Nowadays, due to the new rules and points applied for majors, virtually all the top players play the majors.

Now the first Grand Slam was in 1938 by Don Budge. This is how Budge describes how he decided to try to win the Grand Slam in his autobiography Don Budge-A Tennis Memoir; The Grand Slam (or what has become known as the Grand Slam) entails winning the national singles championships of Australia, France, Great Britain and the United States, the four major titles in the world, in one year. This designation was not arrived at arbitrarily, for these four nations were in 1938, and still are, the only countries to have won the Davis Cup.

Later in the book Budge writes; By 1938, however, no one had thought to lump the four titles together as a Grand Slam, or as anything for that matter. In those prewar days of primitive air travel, no one could quite conceive of a cluster of championships that had to stretch more than 10,000 miles to find all its members.

A little further in the book Budge writes; Conceivably, the fact that there was no such acknowledged entity as the “Grand Slam” made it somewhat easier for me. I was certainly not faced with the cumulative pressure of the press and the fans that Rod Laver had forced upon him when he took the Grand Slam in 1962, or that Lew Hoad faced when he came within a set of winning the four titles in 1958. For the athlete, however, pressure more truly comes from within, and so I doubt that my feelings and fears were any less intense than Laver’s or Hoad’s were a quarter of a century later when the full glare of world-wide publicity was upon them.

A couple of minor notes, Hoad almost won the Grand Slam in 1956, not 1958 as Budge wrote. Hoad also only won one set against Rosewall in the final so he was not within a set of winning the Grand Slam but two sets away.

Despite what Budge wrote about pressure coming from within, I don’t think he faced nearly the pressure Novak Djokovic just faced in winning one match for the Grand Slam. The eyes of the tennis world were on Novak. It also was a chance that almost never comes and Djokovic clearly was aware of that. If Budge lost the final of the 1938 US Championship it would have been tough for Budge of course but people wouldn’t necessarily be thinking he lost the chance for the calendar Grand Slam because there was no such thing.

Another problem with Budge’s Grand Slam in 1938 was that the best players in the world were not there to face him in the majors. Ellsworth Vines was possibly the best player in the world and would have had a great chance to defeat Budge at any of the majors. Fred Perry was a pro and didn’t faced Budge in the majors. Perry had defeated Budge in the majors twice in 1936 at Wimbledon and the US Championships. He would have been very dangerous in 1938. There were others like Von Cramm who would have been very tough on clay or any other surface. Hans Nusslein was in the pros so he could not enter the majors. Nusslein was a great player on all surfaces but especially on clay. Nusslein would have been dangerous as well as an old Bill Tilden. IMO if these players were all competing in the majors in 1938 it’s probable Budge would not have won the Grand Slam. You could also say the same about Laver’s Grand Slam in 1962 against an amateur only field. Budge’s Grand Slam was a great accomplishment but not as great as Laver’s 1969 Grand Slam, in my view.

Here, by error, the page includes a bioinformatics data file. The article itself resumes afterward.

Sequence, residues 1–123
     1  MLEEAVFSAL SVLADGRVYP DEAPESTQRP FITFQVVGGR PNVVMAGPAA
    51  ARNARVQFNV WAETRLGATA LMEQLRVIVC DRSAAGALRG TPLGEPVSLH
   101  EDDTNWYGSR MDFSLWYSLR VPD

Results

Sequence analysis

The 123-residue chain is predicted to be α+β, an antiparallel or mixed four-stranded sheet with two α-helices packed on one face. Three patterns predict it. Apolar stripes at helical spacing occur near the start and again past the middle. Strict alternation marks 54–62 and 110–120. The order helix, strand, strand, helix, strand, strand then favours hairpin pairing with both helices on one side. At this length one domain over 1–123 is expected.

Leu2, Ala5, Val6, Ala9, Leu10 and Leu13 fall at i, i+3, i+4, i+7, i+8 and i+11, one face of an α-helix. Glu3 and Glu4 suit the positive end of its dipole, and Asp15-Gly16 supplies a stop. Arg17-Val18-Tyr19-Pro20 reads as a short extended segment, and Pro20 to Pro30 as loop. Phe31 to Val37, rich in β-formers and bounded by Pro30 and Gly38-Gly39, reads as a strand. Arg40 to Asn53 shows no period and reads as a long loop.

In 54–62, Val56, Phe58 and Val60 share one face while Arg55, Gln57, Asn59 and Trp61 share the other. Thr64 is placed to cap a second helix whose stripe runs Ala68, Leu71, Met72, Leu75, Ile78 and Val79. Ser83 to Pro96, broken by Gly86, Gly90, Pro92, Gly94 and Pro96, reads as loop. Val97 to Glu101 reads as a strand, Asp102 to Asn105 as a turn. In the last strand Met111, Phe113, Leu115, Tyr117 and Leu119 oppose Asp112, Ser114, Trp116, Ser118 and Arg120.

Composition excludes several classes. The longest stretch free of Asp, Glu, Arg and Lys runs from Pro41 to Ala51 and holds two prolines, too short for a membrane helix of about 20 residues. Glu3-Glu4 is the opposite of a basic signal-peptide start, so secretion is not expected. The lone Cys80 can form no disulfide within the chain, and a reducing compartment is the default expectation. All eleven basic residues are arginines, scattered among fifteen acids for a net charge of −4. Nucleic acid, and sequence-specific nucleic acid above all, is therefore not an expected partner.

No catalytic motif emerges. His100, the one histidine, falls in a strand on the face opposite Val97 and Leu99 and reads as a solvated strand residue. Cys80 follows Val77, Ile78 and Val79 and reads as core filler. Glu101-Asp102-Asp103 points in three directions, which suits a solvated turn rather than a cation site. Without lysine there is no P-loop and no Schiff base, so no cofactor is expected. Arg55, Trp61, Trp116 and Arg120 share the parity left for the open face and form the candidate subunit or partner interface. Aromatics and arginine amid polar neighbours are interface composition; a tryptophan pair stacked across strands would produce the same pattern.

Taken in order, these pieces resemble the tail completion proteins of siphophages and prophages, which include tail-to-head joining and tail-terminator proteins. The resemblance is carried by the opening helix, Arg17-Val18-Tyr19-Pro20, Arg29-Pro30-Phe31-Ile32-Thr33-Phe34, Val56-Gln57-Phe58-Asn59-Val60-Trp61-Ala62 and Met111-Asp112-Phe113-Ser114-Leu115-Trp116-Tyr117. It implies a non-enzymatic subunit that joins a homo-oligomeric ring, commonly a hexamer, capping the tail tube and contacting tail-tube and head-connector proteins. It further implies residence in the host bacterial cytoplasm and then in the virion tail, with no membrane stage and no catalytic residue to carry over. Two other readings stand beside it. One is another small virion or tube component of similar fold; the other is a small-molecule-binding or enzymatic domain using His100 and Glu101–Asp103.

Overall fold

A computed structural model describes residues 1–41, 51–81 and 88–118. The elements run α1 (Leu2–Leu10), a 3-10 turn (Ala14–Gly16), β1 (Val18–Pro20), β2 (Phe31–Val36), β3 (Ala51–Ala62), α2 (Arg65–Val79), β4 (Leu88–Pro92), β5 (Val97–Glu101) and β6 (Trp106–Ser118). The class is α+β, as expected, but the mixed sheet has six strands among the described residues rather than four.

I will comment that of Budge played Open Tennis from the beginning perhaps he would have won an Open Grand Slam. We do know Laver did accomplish the Open Grand Slam in 1969.

So ironically in the first full year of Open Tennis Rod Laver won all four majors in 1969, winning his second Grand Slam and the first Open Grand Slam. If you go by this small sample size you would think it would happen many more times over the last half century or so but 52 years later it still has not been accomplished for the calendar year.

I would like to state however that when Novak Djokovic held all four majors at the same time in 2016 after winning Roland Garros that to my mind it is the equivalent of the Grand Slam although it was not done in the same year. I suppose that Djokovic can console himself with that thought.

Martina Navratilova won an extraordinary six majors in a row but she did not win the calendar Grand Slam losing in the Australian Open to end her streak of majors in a row. Maureen Connolly won the Grand Slam in 1953. Little Mo won a mind-blowing 9 majors in a row that she entered.

Since Laver’s Grand Slam in 1969, two women have accomplished the feat, Margaret Court in 1970 and Steffi Graf in 1988. Graf won the Olympic gold medal after the US Open completing the first and only Golden Slam in tennis history.

While Djokovic did not win the calendar Grand Slam he had another one of his super years which is seemingly the norm for him.

jokovic accomplished a great deal this year. He tied Nadal and Federer for the most majors with 20. He will be number one again which will break his tie with Pete Sampras for most times at number one at the end of the year.

It just shows the great difficulty in winning the calendar Grand Slam.

Raymond Lee is a Tennis Now contributing writer and tennis historian who lives in New York. He has written about tennis for decades serving as a contributing writer for Tennis Week Magazine and